Surprisingly, The Incident of the Dog’s Ball, a precursor to the novel Dumb Witness with a very similar plot, outshined The Capture of Cerberus. The Dog’s Ball is a classic Poirot case, with cryptic questions, a village setting, and a well-worked solution. Meanwhile, The Capture of Cerberus handles the parallel to the twelfth Labour of Hercules excellently. However, the tale was too political for its own good—the anti-Nazi message really interfered with the story’s enjoyability and the political message ended up dominating the story... not to mention the silliness that the solution turns on! Still, I found the tales solid reading and, in the context of Dumb Witness and The Labours of Hercules, which we learn so much more about, they were quite fascinating despite flaws in the individual stories. And John Curran includes some interesting insights in his endnotes!

What more can I say about this book? Well, it has reminded me of the introduction to Passenger to Frankfurt, one of Christie’s latest books. The introduction is one of Christie’s finest (though ironically the book itself is quite poor). In it, she writes:

The first question put to an author, personally, or through the post, is: 'Where do you get your ideas from?' The temptation is great to reply: 'I always go to Harrods,' or 'I get them mostly at the Army & Navy Stores,' or, snappily, 'Try Marks and Spencer.' The universal opinion seems firmly established that there is a magic source of ideas which authors have discovered how to tap.

While Christie herself may have found it difficult to explain her creative process, John Curran has done an admirable job going through her notebooks and giving his readers an inside glimpse into that fascinating creative mind. And for that, I applaud him— this book is, to put it simply, a must-read.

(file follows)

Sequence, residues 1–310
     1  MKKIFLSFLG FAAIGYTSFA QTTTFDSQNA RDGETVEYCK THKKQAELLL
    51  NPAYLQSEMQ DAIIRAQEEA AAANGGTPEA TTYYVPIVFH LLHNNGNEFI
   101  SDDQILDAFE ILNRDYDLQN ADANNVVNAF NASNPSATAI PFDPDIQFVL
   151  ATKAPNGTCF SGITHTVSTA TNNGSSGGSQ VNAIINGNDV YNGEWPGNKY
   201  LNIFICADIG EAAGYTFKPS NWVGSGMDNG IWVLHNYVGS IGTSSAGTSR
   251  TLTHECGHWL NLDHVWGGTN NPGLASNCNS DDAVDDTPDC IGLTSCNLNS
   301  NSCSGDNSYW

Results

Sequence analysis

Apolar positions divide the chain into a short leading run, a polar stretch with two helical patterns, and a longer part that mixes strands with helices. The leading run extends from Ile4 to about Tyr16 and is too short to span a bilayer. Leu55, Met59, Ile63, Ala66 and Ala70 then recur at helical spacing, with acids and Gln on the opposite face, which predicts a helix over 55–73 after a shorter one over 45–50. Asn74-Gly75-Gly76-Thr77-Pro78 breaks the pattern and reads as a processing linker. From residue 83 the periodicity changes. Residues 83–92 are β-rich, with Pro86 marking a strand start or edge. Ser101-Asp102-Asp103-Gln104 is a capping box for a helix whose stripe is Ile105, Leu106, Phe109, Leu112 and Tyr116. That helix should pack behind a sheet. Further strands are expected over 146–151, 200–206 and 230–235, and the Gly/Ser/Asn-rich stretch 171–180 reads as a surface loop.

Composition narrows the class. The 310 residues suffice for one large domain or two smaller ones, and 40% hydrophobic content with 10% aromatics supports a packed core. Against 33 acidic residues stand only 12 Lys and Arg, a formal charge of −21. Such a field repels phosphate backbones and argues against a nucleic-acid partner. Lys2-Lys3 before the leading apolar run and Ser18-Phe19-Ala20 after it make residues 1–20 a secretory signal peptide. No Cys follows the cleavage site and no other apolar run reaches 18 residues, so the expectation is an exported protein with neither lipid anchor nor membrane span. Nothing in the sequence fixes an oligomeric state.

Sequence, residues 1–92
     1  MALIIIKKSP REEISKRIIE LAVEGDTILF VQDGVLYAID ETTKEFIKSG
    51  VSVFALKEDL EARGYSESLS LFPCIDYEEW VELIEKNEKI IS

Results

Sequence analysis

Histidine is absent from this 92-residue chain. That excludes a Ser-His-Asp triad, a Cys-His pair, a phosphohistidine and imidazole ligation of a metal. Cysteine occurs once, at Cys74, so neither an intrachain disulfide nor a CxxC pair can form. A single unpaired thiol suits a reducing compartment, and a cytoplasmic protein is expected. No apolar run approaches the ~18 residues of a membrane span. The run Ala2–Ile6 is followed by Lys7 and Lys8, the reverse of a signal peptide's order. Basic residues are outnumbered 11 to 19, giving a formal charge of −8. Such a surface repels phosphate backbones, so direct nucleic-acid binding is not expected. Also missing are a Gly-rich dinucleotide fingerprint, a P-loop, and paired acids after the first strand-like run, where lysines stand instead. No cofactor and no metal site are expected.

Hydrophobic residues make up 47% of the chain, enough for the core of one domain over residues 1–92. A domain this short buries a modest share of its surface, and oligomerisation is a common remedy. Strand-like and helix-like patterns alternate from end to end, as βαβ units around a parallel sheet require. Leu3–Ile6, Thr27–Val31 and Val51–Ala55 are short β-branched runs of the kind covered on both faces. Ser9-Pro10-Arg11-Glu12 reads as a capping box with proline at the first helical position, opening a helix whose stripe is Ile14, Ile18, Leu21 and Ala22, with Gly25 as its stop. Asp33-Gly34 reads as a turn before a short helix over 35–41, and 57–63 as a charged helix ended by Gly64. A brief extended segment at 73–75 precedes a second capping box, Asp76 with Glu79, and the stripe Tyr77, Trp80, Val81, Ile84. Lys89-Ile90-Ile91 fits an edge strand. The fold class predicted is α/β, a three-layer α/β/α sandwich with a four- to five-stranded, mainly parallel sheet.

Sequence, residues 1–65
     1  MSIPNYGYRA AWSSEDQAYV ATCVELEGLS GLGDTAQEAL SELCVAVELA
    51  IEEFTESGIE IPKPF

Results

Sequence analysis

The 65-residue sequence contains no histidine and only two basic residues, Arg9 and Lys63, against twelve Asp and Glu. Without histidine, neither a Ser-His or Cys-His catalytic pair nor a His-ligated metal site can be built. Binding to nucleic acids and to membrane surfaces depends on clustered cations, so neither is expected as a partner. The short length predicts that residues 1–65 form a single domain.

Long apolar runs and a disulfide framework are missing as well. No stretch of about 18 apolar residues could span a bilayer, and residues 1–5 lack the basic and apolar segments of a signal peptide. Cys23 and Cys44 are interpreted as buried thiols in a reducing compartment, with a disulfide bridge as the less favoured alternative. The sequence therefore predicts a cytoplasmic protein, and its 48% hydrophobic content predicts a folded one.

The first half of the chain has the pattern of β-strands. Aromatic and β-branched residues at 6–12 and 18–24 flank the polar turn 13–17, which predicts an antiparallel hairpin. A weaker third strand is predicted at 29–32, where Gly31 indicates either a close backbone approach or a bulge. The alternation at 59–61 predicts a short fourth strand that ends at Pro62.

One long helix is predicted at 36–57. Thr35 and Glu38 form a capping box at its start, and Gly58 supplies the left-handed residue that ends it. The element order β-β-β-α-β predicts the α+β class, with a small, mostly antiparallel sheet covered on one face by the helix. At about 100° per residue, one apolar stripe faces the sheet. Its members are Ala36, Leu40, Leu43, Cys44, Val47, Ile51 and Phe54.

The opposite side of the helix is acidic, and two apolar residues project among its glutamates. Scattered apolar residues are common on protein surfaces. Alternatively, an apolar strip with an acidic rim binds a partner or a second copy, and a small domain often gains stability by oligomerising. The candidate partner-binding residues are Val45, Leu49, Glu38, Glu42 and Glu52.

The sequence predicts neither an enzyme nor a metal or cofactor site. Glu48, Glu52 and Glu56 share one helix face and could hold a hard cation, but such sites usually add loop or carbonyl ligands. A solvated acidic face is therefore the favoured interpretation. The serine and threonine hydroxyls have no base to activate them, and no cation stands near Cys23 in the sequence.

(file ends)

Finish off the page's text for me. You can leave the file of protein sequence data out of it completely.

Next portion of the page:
Final Note: Look out for a review of Agatha Christie’s Murder in the Making in the near future!


  1. Ugh. Endless Night - not a great book, whoever wrote the various bits... I presume that it's the second death that's the major addition, and as you've said, that is the stupidest part of it. But the conclusion must still be Christie's and that bit's sub-par as well.

    Thanks for flagging up this book, Patrick. I'll keep an eye out for it when I've finished off the few outstanding gaps in Christie's back catalogue.

    1. I'm still inclined to agree with you over ENDLESS NIGHT, but John Curran's defense of it is really quite intelligently written, so that even if you disagree you can see why it holds such a fascination for some readers.

  2. Personally, I prefer the second volume - "Murder in the Making" - which I think is a bit more organized than the first, but they are both fascinating. I hope to meet Curran next weekend, when he will be at the Malice Domestic conference. The first volume won an Agatha last year, and the second volume is up for an award this year (against some tough competition, including Michael Dirda's book "On Conan Doyle.")

    1. I'm hoping to read both MURDER IN THE MAKING and ON CONAN DOYLE before the awards are presented so that I can appreciate them more. Maybe next year I'll be able to read all the non-fiction stuff nominated for an Edgar or Agatha or something of the sort as a pet project, but I didn't get the idea in time to carry it through this year.

  3. This is an essential book for the Agatha Christie fan, but newcomers to Christie need to be warned because there are so many spoilers!

  4. I'm one of those readers who really enjoyed ENDLESS NIGHT, especially as I think it stands out amongst late Christie which could be pretty uninspired stuff, and is also an interesting attempt to test different waters. But in the meantime, great review Patrick - I haven't come across Curran's books so shall look out for these.



  5. It is enjoyable and fascinating, and sometimes invaluable. I've referred to it a few times when writing blog posts to makes sure I wasn't second guessing Christie too much.

    But I agree with Les that the organisation could be better. Curran also has a habit of getting carried away and presenting speculation as fact.

    I didn't realise there was a second volume. I'll have to look it up.

  6. Also, although it's hardly Curran's fault, it's a real disappointment that there were no notes found concerning The Murder of Roger Ackroyd.

  7. I am very glad that the original Twelfth Labour of Hercules was ditched. It was truly awful. As she presented it to the publisher early in 1940, when the war was going badly and it was due to be published in the autumn of 1940, when it was going even worse, I cannot begin to understand what possessed her to do a cutesy tale like that about Hitler.